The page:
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Wednesday, June 07, 2006 

No Love for Tony

Damn you, nice weather and internship, for keeping me away from my blog. Also, Blogger was down for like 5100 hours today because the hamster fell off the wheel in the server or something.

Anyway, I found this editorial from the Wall Street Journal rather interesting and timely. In it, the editors lay some heavy blame on Justice Anthony Kennedy over the current gay marriage battle being waged in both the federal government and the states. Here's what they've got to say...
Justice Kennedy wrote the majority opinion in the 2003 Lawrence case that banned state anti-sodomy laws. So sweeping was his "privacy right" language that it took only a few months for the Massachusetts Supreme Court to use Lawrence to justify its decision to impose a right to gay marriage there. Politicians in New York and San Francisco began issuing gay marriage licenses, never mind state law.
I disagreed with Lawrence for pretty much the same reason that Justice Thomas dissented. I think that a law that bans sodomy is stupid (I think Thomas called it "uncommonly silly" or something along those lines). However, I don't think there is a right to sodomy in the Constitution. Imagine if there was an explicit right to sodomy in there. I think we would all be wondering exactly what was going on in that hot room during the summer of 1787 in Philadelphia.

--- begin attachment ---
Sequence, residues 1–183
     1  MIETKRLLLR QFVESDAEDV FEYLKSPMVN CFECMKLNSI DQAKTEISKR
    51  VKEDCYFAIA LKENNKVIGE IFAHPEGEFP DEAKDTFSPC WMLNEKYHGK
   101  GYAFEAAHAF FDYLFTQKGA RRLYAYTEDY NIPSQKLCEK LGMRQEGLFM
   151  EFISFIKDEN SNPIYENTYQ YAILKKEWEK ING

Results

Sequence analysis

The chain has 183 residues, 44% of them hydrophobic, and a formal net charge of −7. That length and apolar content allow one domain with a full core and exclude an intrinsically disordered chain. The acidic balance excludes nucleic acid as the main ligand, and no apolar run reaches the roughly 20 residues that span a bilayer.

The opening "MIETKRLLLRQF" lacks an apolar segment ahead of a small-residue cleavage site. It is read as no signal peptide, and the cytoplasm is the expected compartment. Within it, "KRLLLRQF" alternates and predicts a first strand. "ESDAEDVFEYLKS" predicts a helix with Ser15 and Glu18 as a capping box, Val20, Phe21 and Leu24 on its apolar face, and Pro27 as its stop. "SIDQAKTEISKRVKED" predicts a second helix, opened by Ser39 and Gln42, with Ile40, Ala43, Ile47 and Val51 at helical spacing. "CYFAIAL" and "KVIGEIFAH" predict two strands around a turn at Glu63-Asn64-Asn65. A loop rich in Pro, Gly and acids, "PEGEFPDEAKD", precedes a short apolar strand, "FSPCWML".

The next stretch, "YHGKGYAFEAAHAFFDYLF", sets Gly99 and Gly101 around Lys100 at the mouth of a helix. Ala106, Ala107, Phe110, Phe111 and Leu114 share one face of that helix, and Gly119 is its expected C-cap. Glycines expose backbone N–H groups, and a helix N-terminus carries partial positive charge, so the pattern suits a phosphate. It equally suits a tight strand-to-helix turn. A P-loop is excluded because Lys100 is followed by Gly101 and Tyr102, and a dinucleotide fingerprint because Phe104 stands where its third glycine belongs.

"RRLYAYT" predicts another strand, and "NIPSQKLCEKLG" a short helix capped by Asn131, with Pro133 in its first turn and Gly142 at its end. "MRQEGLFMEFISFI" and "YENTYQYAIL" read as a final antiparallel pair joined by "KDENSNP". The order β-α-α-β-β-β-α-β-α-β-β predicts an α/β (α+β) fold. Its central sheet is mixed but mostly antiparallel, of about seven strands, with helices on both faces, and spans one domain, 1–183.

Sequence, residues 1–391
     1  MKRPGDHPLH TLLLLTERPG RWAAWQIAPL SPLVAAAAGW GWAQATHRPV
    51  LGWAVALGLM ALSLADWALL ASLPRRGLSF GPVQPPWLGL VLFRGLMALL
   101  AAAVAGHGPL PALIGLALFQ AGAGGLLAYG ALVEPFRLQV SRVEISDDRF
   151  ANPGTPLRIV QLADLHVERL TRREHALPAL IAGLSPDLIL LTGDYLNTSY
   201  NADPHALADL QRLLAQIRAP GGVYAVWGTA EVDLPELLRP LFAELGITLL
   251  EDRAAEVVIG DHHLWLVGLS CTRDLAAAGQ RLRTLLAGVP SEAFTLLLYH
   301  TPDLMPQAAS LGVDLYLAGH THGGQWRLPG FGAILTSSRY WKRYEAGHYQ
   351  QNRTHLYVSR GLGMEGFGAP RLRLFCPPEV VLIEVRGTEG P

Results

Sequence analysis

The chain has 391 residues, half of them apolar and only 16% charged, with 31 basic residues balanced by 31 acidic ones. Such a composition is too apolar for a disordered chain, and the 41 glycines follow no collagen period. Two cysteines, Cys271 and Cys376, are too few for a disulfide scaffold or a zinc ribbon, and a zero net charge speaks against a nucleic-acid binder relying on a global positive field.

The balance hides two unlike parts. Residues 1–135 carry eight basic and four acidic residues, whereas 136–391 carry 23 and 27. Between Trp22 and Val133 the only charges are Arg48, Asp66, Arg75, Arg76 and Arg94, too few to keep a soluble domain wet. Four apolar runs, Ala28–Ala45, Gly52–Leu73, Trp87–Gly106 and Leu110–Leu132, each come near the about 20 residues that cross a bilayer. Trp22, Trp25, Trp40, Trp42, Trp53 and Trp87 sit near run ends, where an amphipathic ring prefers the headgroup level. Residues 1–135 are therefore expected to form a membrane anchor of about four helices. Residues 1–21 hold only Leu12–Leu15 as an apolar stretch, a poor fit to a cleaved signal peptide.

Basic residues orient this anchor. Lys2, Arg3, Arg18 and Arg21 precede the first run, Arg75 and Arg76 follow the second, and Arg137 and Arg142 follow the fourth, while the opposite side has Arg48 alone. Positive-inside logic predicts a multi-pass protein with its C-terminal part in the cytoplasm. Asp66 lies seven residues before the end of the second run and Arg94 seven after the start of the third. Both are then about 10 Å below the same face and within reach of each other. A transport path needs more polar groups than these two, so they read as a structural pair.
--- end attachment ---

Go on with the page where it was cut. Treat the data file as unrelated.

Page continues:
Okay, now that we have the image of the Founding Fathers sodomizing each other fresh in our minds, let's get back to Constitutional Law. While I didn't agree with Justice Kennedy's decision in Lawrence, I think that it's a little unfair to place so much blame in his lap (especially putting him in the title of the editorial). This vague expansion of the Right of Privacy has been a movement in the Supreme Court and Con Law in general for decades. You can trace it from Griswold through Roe, making a short detour through Casey, and ending up square in Lawrence-ville. Lawrence was the last major decision, and the one that was most on point, so it (and Justice Kennedy) gets the most attention. I guess this is the position that Justice Kennedy will occupy until one of the Court's liberals retires though. He will be the swing vote on these issues, and he will be the new media star for it.

The most important man in Constitution Law... for now

Honestly, the whole gay marriage issue is really boring to me. That's why there hasn't been a post about it on here until this one (and this is hardly an examination of the issue). However, if this is something that gets you going, Professor Bainbridge has an interesting post and discussion going about the Republican Party and views of the Marriage Protection Amendment. I love how he's technically on vacation in Napa Valley, yet still manages to post more than me. I feel like such a failure...

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  • From Milwaukee, Wisconsin, United States
  • "There is only one basic human right, the right to do as you damn well please. And with it comes the only basic human duty, the duty to take the consequences." P.J. O'Rourke
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